Last Saturday was my first Seamonster Book Club (we met at Seth and Allaire's chalet in Fairfax and discussed America Over the Water, by Shirley Collins-- An English folksinger who traveled with Alan Lomax in 1959), combined with a pie breakfast/brunch. An impromptu bbq kept me from making my pie the evening before, so I got up early Saturday morning to make a creamy pear pie. I found the recipe online and was quizzical of the addition of cream to the actual pie filling, but when I saw the accompanying quote "Outstanding Creamy Pear Pie! I cook this for the men's league at my golf club, and they love it!," I thought, well hey, that has to be good. It's quite a novel concept to put the cream in the pie, instead of the post-bake cold whipped variety. The recipe is as follows: 

Creamy Pear Pie
Prep Time: 20 min
Cook time: 55 min

·1/3 cup white sugar
·2 tablespoons all-purpose flour
·4 cups peeled and sliced pears
·1 cup sour cream
·1/2 teaspoon vanilla extract
·1/2 teaspoon lemon extract (I used real lemon juice instead)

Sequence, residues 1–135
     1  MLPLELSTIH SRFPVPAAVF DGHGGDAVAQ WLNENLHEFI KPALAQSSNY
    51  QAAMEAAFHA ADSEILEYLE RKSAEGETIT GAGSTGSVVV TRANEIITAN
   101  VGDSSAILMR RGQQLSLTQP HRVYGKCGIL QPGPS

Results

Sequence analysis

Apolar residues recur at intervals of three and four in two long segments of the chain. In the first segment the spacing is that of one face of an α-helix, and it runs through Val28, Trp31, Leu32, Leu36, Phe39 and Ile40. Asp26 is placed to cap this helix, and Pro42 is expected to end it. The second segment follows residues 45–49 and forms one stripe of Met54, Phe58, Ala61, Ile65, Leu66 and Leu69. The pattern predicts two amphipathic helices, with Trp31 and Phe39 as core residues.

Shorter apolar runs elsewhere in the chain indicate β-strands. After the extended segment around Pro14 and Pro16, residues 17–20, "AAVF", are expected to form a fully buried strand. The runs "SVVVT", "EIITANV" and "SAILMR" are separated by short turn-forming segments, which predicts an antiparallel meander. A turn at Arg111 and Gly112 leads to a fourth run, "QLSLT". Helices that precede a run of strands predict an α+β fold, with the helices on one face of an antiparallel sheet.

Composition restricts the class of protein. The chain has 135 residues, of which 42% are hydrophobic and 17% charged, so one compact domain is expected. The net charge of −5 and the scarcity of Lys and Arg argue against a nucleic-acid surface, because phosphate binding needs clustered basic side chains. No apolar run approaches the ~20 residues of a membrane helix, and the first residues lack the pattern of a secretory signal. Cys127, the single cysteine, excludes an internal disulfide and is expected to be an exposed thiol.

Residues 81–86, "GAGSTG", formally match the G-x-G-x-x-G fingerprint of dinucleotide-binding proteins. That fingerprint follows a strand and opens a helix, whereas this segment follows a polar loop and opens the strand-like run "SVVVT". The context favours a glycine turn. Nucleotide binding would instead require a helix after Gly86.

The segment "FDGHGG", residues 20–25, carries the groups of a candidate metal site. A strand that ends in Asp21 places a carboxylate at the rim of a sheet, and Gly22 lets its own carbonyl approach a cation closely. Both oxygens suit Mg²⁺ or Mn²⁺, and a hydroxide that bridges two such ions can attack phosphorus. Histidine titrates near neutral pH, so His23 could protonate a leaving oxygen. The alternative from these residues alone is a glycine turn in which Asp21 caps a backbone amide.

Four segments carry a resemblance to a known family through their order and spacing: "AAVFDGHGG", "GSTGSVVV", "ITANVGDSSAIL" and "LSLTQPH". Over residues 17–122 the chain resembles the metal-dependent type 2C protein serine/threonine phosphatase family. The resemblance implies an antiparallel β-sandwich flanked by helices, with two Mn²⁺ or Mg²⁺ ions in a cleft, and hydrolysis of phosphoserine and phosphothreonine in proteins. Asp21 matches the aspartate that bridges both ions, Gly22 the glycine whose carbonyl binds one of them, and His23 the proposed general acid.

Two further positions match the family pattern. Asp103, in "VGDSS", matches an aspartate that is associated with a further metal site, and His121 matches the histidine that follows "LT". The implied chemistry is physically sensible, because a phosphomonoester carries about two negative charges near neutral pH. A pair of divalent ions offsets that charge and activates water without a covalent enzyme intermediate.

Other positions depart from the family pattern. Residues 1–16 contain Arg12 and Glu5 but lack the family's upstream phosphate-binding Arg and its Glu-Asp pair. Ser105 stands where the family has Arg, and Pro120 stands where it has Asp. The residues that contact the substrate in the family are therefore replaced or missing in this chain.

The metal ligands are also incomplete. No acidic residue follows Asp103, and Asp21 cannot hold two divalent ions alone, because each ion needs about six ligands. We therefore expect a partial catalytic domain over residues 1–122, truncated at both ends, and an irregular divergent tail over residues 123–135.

·1/2 teaspoon almond extract
·1 (9 inch) unbaked pie crust

Topping (I found it needed a bit more of all of these):
·1/4 cup all-purpose flour
·2 tablespoons brown sugar
·2 tablespoons butter or margarine, melted
·1/4 cup slivered almonds (I added this to the original recipe)

1. Preheat the oven to 400 degrees F
2. Stir together white sugar and 2 tablespoons flour. Add pears, and toss to coat. Stir in sour cream and vanilla, lemon and almond extracts until pears are evenly coated. Pour into the unbaked pie crust.
3. Combine 1/4 cup flour and brown sugar. Mix in butter with your fingers until the mixture is crumbly. Add almonds. Sprinkle evenly over the top of the pie and coat with remaining almonds
4. Bake for 10 minutes in preheated oven, then reduce the temperature to 350 degrees F. Bake for an additional 45 minutes, or until pears are tender.